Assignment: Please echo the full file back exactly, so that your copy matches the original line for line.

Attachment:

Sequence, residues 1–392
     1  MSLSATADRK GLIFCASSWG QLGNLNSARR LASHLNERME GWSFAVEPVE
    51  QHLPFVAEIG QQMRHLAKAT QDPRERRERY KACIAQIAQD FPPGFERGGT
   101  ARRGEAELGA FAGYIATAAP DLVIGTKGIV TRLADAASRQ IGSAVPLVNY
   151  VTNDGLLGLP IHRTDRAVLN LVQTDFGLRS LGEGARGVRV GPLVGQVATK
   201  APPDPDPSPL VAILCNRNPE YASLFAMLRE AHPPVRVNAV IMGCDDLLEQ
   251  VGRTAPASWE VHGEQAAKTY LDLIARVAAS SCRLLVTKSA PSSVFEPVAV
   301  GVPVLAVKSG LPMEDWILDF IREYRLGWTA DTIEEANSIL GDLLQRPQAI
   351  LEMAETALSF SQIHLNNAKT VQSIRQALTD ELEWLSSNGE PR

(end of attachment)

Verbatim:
Sequence, residues 1–392
     1  MSLSATADRK GLIFCASSWG QLGNLNSARR LASHLNERME GWSFAVEPVE
    51  QHLPFVAEIG QQMRHLAKAT QDPRERRERY KACIAQIAQD FPPGFERGGT
   101  ARRGEAELGA FAGYIATAAP DLVIGTKGIV TRLADAASRQ IGSAVPLVNY
   151  VTNDGLLGLP IHRTDRAVLN LVQTDFGLRS LGEGARGVRV GPLVGQVATK
   201  APPDPDPSPL VAILCNRNPE YASLFAMLRE AHPPVRVNAV IMGCDDLLEQ
   251  VGRTAPASWE VHGEQAAKTY LDLIARVAAS SCRLLVTKSA PSSVFEPVAV
   301  GVPVLAVKSG LPMEDWILDF IREYRLGWTA DTIEEANSIL GDLLQRPQAI
   351  LEMAETALSF SQIHLNNAKT VQSIRQALTD ELEWLSSNGE PR